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Old 08-25-2019, 07:06 AM
 
8,002 posts, read 4,533,405 times
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Those of you who feel pet-ownership is out of the question solely due to the cost* and/or length of obligation should again look into either a lower-order pet (rodent) or fostering for a local rescue. They pay all vet bills, some even provide the food; you just supply the home and love until it gets adopted. No matter the outcome, the pet can be returned to the rescue for placement with another foster family. This is in contrast to ending up in a shelter (very traumatic for most) or euthanized...

*I could go on and on about greedy vets; don't get me started.

Personally, I'm now considering a ferret!
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Old 08-25-2019, 10:30 AM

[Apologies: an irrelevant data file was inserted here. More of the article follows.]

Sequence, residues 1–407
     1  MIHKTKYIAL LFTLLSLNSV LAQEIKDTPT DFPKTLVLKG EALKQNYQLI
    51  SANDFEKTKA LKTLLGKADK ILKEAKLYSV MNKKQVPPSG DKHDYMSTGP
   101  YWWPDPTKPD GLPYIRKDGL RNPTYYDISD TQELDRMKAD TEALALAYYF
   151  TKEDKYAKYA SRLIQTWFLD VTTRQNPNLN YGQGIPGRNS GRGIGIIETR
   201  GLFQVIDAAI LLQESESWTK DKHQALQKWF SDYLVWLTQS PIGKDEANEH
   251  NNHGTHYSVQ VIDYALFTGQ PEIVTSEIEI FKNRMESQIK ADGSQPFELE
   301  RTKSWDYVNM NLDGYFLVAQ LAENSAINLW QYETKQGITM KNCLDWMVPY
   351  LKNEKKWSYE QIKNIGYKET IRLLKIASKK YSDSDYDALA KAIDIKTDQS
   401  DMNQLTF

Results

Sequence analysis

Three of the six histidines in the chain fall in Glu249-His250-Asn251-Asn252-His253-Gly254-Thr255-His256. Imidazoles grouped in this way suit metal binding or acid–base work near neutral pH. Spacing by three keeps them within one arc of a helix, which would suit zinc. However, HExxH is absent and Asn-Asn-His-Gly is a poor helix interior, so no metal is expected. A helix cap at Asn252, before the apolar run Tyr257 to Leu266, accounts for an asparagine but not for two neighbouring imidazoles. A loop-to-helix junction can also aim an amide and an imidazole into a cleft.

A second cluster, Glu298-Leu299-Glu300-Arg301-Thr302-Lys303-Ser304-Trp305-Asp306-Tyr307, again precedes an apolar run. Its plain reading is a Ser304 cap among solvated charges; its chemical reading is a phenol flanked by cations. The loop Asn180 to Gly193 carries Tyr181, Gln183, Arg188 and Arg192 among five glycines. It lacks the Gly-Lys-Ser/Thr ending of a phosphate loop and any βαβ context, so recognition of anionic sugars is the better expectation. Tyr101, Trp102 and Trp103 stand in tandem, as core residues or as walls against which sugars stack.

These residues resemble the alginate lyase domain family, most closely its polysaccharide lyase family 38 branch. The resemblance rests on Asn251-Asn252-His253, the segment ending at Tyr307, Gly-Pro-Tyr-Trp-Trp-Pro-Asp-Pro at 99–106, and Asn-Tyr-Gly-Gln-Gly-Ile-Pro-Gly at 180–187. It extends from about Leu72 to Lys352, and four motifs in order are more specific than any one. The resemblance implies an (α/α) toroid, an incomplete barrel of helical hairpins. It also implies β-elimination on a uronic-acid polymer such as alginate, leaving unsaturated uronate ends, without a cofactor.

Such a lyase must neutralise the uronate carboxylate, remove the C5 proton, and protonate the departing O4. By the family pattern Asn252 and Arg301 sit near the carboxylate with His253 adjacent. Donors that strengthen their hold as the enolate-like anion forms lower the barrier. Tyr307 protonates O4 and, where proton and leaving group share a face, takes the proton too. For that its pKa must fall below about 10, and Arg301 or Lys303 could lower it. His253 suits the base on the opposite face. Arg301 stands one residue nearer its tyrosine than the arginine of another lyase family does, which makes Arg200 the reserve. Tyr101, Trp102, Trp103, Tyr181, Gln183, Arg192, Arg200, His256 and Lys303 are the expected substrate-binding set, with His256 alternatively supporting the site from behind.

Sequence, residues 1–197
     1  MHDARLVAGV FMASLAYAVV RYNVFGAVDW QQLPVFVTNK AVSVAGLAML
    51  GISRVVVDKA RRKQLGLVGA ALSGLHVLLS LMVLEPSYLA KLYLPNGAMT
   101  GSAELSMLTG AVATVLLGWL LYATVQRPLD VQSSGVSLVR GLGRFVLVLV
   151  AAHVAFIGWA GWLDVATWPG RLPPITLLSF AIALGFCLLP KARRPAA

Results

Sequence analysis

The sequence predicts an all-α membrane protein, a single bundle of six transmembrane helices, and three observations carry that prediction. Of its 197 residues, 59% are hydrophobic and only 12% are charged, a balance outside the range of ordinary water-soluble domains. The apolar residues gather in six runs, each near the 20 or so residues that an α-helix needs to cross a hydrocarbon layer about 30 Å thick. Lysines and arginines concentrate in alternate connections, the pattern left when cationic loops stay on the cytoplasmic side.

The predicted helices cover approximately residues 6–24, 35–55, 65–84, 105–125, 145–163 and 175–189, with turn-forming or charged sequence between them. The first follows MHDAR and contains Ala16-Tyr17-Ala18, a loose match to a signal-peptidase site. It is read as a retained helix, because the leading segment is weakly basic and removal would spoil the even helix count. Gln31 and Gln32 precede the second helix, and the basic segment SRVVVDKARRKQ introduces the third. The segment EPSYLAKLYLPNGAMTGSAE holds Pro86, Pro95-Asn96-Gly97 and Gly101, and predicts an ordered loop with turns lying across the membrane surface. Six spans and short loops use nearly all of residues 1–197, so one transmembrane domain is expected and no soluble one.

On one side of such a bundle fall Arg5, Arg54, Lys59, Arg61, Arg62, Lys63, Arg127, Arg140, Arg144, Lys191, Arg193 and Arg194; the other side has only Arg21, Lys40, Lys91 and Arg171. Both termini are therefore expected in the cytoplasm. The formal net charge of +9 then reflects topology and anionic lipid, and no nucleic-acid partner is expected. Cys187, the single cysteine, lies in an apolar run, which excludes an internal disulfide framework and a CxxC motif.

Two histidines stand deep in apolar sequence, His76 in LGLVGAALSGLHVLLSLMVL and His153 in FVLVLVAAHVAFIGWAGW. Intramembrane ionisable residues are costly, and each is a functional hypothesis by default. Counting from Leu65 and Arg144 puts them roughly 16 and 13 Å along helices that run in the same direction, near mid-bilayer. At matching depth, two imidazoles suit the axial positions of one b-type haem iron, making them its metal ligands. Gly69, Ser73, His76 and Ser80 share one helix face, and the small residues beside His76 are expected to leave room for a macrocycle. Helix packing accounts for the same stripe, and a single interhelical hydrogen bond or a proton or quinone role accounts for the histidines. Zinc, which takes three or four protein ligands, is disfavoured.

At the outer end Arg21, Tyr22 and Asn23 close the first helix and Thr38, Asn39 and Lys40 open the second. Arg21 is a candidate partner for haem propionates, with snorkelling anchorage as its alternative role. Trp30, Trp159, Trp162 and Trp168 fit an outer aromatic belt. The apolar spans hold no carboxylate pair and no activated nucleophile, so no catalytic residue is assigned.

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Originally Posted by otterhere View Post
Those of you who feel pet-ownership is out of the question solely due to the cost* and/or length of obligation should again look into either a lower-order pet (rodent) or fostering for a local rescue. They pay all vet bills, some even provide the food; you just supply the home and love until it gets adopted. No matter the outcome, the pet can be returned to the rescue for placement with another foster family. This is in contrast to ending up in a shelter (very traumatic for most) or euthanized...

*I could go on and on about greedy vets; don't get me started.

Personally, I'm now considering a ferret!
There you go again, calling pets smaller than dogs and cats “lower order.” Noncanid and nonfelid pets still need daily attention for both physical and psychological well-being. Just because they can’t get out of a cage and drop nasty carnivore stink bombs all over your house doesn’t mean they don’t need exercise and affection also.

Ferrets know their names and can be housetrained, among other “higher order” abilities.